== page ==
Although Malta is not a third world country, we can learn a great deal from people who are deprived of much that is basic and fundamental to their livelihood, and perhaps which we, in our modern life, do not even appreciate.

The Sunday Circle, May 9, 2002

 
 
 
  The Last Word  
 

Sharon Spiteri, The Times, Weekender July 21,2001

 

There is something outstanding about Adrian Grima. It must be the way he balances his dreams with down-to-earth living.

 

Poet Adrian Giima, 33, has a list of titles/roles which could easily link Malta to the Isle of Skye. As it happens, Adrian’s poetry is what linked the Scottish island to Malta, albeit unwittingly, through poet Kevin MacNeil, who is now living on Skye although born on Lewis in the Outer Hebrides.

 

When Adrian placed second in the Premio Tivoli Europa Giovani last year, it was to MacNeil’s first. And that is how they met. Adrian won the prize for his book of 41 poems in Maltese, published as It-Trumbettier (The Trumpeter) in 1999 with an English translation; MacNeil for his book Love and Zen in the Outer Hebrides published in 1998 in English and Gaelic.

 

Apart from a teaching day job, Adrian is also co-founder and coordinator of Inizjamed (www.inizjamed.org), “a socially-committed organisation for the promotion of Maltese culture in the Mediterranean context.”

 

Inizjamed, in collaboration with the British Council, have organised two events. The first is a public discussion on cultural identity, Islands and Cultural Identity, led by the two poets. The second, themed Islands (Gżejjer), is a poetry reading of sorts. But don’t let that mislead you. With interpretations by actors Ray Calleja and Marcelle Teuma and singer Nadine Axisa accompanied by a litter of musicians, it promises to be anything but the childish sing-song you remember from school recitations.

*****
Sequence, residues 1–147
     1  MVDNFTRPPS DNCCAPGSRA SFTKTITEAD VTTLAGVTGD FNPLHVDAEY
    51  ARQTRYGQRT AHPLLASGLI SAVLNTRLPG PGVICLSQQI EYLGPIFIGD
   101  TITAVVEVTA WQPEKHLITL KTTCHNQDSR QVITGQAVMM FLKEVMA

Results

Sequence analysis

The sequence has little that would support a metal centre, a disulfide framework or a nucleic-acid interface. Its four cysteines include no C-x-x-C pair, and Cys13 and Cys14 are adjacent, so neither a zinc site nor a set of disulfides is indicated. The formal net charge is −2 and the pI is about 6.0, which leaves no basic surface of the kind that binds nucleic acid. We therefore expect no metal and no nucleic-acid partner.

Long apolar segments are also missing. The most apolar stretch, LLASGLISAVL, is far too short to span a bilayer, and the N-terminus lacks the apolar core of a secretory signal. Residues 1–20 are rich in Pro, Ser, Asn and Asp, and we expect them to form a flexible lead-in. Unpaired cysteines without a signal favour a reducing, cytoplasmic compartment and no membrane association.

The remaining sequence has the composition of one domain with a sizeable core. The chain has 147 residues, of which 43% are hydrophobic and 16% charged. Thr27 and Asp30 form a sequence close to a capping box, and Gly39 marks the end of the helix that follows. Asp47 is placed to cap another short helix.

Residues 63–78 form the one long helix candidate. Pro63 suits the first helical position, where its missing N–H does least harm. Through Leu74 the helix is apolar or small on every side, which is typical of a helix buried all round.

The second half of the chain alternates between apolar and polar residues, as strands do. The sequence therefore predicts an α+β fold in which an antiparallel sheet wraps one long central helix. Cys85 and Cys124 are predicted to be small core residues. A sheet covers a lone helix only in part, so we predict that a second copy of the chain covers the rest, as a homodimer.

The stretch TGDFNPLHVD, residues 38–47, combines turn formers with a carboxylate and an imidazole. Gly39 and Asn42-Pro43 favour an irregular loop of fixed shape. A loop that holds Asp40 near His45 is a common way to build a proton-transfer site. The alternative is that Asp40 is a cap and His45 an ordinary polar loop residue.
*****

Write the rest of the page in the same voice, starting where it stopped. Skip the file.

When was the last time...

 

You cried?

 

I don't remember the last time I cried. I must have been a child. It's got nothing to do with my idea of how a man should behave, though. I know that there will be moments in the future when crying will be the only way to relieve the grief of bereavement.

 

You learnt something now?

 

That's an impossible question! I suppose I learn new things all the time, especially about myself. Everything and everyone around me teaches me about the world and about myself. Not least my two sons. I'm constantly learning from them.

 

You jumped for joy?

 

When I placed second in the Premio Tivoli Europa Giovani last year. I fluctuated between disbelief and screams of joy in rapid succession to my wife’s utter amazement. It was only a call to Arnold Cassola in Brussels which helped me reason things out. [Cassola nominated him for the prize.]

 

You let yourself down?

 

Yesterday. I ate too much. And I’d really like to control my diet. I’m gaining too much weight for my liking. And I let myself (and my children) down every time I lose my temper.

 

You felt trapped in a situation?

 

A few weeks ago I realised that I’m now planning as far ahead as September 2002. It’s nice to be involved in so many fascinating projects, quite a few of which I propose myself, but the thought of being ‘tied down’ for the next year or so makes me nervous.

 

You told a lie?

 

What's a lie?

 

You felt embarrassed?

 

A few years ago, we asked two musicians to play at one of our literary evenings. They can't have rehearsed... Anyway, it was a complete fiasco and extremely embarrassing but I probably suffered more trying to stop myself laughing my head off. It's a good thing nobody filmed the event for posterity.

 

You were with your family?

 

A few minutes ago. I'm very often with my wife and sons and I wouldn't like it any other way. But I'm also constantly rushing off to meetings and being chronically late.

 

You had a great night out?

 

One of the problems with having children is not being able to spend the night out. To me a good night out is dancing away to good music with my wife and friends. We had a great night out with Maltese and Italian friends in Messina on New Year’s Eve 2000 with live bands playing great music. My elder son Samwel slept through it all and my younger son Rafel enjoyed the music from inside the womb.

 

You got angry?